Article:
Chum Kiu Explained by Grandmaster Chu Shong Tin

Literally, Chum Kiu when translated is the method of how to deal with the opponent’s wrists once in contact. In other words, Chum Kiu is the form applicable to fighting. If the theory of Chum Kiu is analysed carefully, it is the acme of the forms.

The purpose of Wing Chun’s Chum Kiu is to utilize the body weight of a person as the source of energy. Additionally, combining the moves of Siu Nim Tau to create a skill that can apply force in different directions. As a result, the opponent will find it difficult to tackle these kind of moves because his centre of gravity has been affected and will be easily toppled over. Hence, your chance to win in fighting is increased.

Chum Kiu Explained by Grandmaster Chu Shong Tin

Grandmaster Chu Shong Tin demonstrating a Chum Kiu kick against Sifu Jim Fung

The theory of Chum Kiu can be grouped as follows:

1. The Application of “Two-Way Force”
2. Using the Centre of the Body as the Source of Energy
3. Using the Mind to Control the Movement of the Body
4. Using the Simultaneous Attack and Defence Movements.

The Application of “Two-Way Force”

The majority of the moves in Chum Kiu is to apply the force moving in two different directions to contact with the wrists of the opponent. Although it is called the “two-way force”, if analysed in more detail. It is found that it consists of skill of applying the force pointing from more than two directions.

The turning stance of Chum Kiu is a two-dimensional turning, i.e. turning on a surface. When the turning stance is combined with use of Tau Sau, Bong Sau and Fook Sau of Siu Nim Tau at the same time, every move of Chum Kiu will comprise the effect of having a force pointing from two different directions. Thus, the opponent will find it difficult in dealing with these kind of moves.

I was invited to organise a seminar in Holland in 1994 in which I demonstrated the “two-way force” of Chum Kiu. During the demonstration, I wrestled with a huge young man who could easily lift 250kg. At that time, I weighed only 60 kg. As the body weights vary so greatly, my winning with the use of Chum Kiu obtained the shouts of triumph from everybody present on that occasion.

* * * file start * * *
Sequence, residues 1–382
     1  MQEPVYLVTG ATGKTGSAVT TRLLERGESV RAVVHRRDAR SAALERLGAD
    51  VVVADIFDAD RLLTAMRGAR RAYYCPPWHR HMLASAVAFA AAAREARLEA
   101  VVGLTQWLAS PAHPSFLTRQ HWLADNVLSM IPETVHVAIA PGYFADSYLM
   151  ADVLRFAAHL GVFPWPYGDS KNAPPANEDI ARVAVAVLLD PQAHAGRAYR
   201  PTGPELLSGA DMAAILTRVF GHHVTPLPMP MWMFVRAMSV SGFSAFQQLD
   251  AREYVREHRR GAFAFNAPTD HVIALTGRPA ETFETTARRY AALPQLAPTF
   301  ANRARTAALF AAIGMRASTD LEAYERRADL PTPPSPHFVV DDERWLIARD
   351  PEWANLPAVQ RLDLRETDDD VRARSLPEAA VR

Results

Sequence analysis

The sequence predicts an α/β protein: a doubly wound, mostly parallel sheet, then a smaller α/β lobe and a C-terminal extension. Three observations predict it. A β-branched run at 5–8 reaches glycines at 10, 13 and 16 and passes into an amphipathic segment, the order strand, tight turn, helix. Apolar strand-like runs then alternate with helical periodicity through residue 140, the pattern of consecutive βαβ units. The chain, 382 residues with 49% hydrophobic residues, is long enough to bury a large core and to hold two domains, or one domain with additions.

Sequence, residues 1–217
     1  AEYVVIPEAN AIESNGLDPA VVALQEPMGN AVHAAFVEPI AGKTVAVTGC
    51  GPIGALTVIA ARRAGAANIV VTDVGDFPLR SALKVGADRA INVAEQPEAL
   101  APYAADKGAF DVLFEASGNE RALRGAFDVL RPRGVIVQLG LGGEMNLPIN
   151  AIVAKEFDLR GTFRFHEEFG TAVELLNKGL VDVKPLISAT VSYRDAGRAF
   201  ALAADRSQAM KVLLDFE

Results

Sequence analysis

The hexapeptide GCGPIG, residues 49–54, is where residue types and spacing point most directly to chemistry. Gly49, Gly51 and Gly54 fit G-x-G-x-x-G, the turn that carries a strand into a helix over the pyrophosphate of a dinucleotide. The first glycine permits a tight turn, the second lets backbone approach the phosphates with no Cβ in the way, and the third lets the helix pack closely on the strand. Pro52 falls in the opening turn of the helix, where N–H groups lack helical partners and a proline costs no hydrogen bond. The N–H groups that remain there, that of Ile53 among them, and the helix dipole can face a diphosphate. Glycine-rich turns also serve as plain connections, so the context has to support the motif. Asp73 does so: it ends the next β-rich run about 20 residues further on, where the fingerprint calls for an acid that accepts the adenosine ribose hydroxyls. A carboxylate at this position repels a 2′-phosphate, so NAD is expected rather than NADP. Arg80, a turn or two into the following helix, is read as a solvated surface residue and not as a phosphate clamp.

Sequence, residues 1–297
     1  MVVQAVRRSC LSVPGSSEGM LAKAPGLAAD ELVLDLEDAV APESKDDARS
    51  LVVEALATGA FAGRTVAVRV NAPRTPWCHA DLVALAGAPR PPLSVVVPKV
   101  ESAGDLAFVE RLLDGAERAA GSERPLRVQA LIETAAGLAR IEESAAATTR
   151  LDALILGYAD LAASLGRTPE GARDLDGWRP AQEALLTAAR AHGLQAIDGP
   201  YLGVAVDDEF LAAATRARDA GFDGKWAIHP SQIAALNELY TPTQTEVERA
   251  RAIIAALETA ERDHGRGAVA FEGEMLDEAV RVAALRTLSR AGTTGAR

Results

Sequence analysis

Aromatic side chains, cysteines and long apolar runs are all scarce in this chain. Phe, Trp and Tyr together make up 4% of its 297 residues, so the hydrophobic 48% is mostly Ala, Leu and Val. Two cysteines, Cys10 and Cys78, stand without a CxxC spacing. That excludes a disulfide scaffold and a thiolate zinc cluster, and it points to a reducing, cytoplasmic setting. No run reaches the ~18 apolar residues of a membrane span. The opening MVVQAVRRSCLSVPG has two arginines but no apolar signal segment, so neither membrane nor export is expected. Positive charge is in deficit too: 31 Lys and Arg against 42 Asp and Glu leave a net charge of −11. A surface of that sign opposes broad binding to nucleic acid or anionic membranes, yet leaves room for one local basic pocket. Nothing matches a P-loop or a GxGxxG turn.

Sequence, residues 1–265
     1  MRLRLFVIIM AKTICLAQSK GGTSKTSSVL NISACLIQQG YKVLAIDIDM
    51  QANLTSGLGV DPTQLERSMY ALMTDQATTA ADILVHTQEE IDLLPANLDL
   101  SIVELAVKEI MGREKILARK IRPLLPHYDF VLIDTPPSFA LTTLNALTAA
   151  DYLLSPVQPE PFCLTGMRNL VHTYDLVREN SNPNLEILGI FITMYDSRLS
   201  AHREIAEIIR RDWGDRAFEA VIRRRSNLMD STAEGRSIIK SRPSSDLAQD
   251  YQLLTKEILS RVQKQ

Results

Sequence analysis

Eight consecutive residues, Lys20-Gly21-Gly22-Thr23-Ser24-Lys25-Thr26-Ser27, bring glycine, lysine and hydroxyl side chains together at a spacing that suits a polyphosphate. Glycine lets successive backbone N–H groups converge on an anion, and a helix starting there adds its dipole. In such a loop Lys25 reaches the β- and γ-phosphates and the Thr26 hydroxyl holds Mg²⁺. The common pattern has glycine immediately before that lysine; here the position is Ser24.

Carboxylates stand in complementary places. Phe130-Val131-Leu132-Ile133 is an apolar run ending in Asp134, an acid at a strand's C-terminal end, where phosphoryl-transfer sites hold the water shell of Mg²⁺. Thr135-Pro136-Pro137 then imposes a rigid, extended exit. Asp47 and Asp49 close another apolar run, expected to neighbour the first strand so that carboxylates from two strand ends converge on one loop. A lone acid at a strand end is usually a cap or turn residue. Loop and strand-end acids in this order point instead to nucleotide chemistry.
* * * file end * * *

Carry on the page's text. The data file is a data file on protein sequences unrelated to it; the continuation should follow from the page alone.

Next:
The reason why the “two-way force” is difficult to deal with is very simple. Assuming that one can easily raise up an object of 50 kg, but if a person pushes you with a force of 20 kg from the side while you are lifting an object of 30 kg then you will find it very difficult to resist the pushing and will even lose your balance and fall over.

2. Using the centre of the body as the source of energy

In practising Chum Kiu, one must use the centre of the body as the source of energy. The purpose is to maintain the body weight as an unity and then every move will contain the weight of the whole body. When the opponent is in contact with any part of your body, he will then have to suffer an attack from your whole body weight.

3. Using the mind to control the movement of the body

The purpose of using the mind to control the movement of the body is to generate the whole body weight without using any unnecessary muscular force. Thus, every move you are using will contain the weight of the whole body.

4. Using the simultaneous attack and defence movements

Practising Chum Kiu has entered into the stage of body contact with the opponent. This means that Chum Kiu is the form which will comprise of the combating skill. Hence, every simple move of this form contains a common structure which is fit for attack or defence. Apart from having the speciality of Wing Chun (i.e. not to waste energy), every move will contain the scientific structure for combat, allowing the fighting skill to show up when facing the opponent.

It is of my opinion the fighting skill of Chum Kiu is difficult to describe in writing. The best way is to understand it is through demonstration and practice. If I have to put down all the Chum Kiu skills in writing, the article will be so profound that the person who reads it will find it hard to understand and will be confused.

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About The Author

Grandmaster Chu Shong Tin
Grandmaster Chu Shong Tin
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Chu Shong Tin trained in Ip Man’s school for 14 years and was the main teacher there, teaching for up to 12 hours on some days. The major focus in the early years of his training was the practice of “Siu Nim Tao” (meaning “Tiny Idea”). Which is the first empty-hand form and the essence of Wing Chun. This is because Ip Man used to say: “When well-versed in Siu Nim Tao, the other parts of Wing Chun training will all be well grasped and performed too.”

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